The doctors there put her in touch with Britta Janßen's team. Two days later, therapists came to the patient's home. “I had visitors every day for a few weeks. It was always like a ray of hope and helped me a lot,” says the young mother, who was diagnosed with postpartum depression and an adjustment disorder.

The doctor Janßen is supported by a multi-professional team, which also knows and arranges further offers of help. “A team of two always visits the patients at home in different compositions, including at the weekend,” she explains.

The concept, which enables the treatment of mentally ill people at home, is called ward-equivalent treatment (Stäb) and has been approved in Germany since 2018. The prerequisite is that the patients have an indication for inpatient treatment and that the therapy goal can best be achieved in the home environment.

More and more clinics are offering this type of treatment for different target groups. According to a joint report by insurance and health insurance associations and the German Hospital Society (DKG), there were 36 hospitals nationwide in 2020. 13 hospitals nationwide started in 2018. The number of cases increased from 400 in the first year to 2437 cases in 2020. The patients were mostly adults, but also children and adolescents. According to the DKG, more recent nationwide figures are not yet available.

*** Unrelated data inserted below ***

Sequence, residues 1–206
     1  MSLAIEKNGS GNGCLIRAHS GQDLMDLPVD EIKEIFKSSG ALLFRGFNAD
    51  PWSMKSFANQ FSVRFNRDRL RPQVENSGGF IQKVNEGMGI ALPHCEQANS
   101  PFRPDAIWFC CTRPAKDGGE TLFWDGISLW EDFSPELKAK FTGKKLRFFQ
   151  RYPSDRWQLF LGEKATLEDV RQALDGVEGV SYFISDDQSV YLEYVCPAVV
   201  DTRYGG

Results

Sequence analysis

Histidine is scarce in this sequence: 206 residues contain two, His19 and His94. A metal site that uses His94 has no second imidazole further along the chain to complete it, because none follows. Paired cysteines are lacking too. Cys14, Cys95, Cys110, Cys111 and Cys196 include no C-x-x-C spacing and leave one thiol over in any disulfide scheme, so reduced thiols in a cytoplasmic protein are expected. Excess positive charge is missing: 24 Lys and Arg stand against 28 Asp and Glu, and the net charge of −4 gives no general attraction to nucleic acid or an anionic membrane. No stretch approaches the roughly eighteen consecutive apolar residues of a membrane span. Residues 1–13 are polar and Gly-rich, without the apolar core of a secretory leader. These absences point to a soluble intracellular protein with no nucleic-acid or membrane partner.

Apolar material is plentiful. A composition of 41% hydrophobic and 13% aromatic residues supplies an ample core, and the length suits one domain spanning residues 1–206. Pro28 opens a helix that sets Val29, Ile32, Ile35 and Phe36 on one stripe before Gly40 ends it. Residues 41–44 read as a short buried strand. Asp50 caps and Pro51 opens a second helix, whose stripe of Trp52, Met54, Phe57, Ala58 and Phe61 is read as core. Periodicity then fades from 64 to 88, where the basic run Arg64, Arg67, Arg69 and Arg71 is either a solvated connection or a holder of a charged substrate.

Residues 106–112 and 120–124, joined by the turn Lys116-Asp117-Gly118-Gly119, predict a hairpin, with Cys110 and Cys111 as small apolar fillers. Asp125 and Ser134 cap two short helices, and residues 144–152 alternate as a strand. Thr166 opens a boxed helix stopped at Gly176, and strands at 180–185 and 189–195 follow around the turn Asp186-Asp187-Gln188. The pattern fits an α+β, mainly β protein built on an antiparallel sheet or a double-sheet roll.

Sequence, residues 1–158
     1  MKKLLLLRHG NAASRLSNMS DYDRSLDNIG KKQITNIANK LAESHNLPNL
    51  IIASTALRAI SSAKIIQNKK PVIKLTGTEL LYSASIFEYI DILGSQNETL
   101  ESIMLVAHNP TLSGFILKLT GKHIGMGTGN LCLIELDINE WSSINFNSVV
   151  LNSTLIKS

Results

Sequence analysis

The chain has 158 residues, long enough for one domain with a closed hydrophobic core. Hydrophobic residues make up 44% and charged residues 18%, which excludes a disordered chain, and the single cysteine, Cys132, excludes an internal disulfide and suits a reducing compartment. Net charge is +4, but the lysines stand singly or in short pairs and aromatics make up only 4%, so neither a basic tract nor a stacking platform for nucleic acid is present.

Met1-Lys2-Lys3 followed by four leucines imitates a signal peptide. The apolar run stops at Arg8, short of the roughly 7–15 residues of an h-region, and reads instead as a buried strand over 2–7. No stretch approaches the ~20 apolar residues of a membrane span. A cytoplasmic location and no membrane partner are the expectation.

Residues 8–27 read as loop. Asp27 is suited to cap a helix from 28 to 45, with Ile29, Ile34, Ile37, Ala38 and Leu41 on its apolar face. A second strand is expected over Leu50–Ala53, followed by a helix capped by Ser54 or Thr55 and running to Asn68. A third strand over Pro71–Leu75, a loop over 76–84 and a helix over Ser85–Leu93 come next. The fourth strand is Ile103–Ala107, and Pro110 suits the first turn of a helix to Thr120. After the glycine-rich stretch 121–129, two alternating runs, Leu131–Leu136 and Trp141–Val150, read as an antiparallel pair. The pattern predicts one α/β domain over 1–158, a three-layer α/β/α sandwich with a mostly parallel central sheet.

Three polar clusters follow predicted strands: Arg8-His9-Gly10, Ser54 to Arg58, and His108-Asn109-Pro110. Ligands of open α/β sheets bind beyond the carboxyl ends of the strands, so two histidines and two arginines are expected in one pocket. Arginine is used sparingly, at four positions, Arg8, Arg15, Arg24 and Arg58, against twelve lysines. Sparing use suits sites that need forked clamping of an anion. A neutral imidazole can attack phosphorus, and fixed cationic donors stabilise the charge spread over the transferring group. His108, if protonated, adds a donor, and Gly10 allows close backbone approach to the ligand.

Janssen estimates that the need for treatment is very high overall. “Around 1,000 children are born in the Kaulsdorf hospital alone every year. And postpartum depression occurs in about 10 to 15 percent of mothers.” The care is currently insufficient. “The women sit at home and develop symptoms. We will reach our limits with the available places, but we wanted to make a surcharge first, ”said the doctor.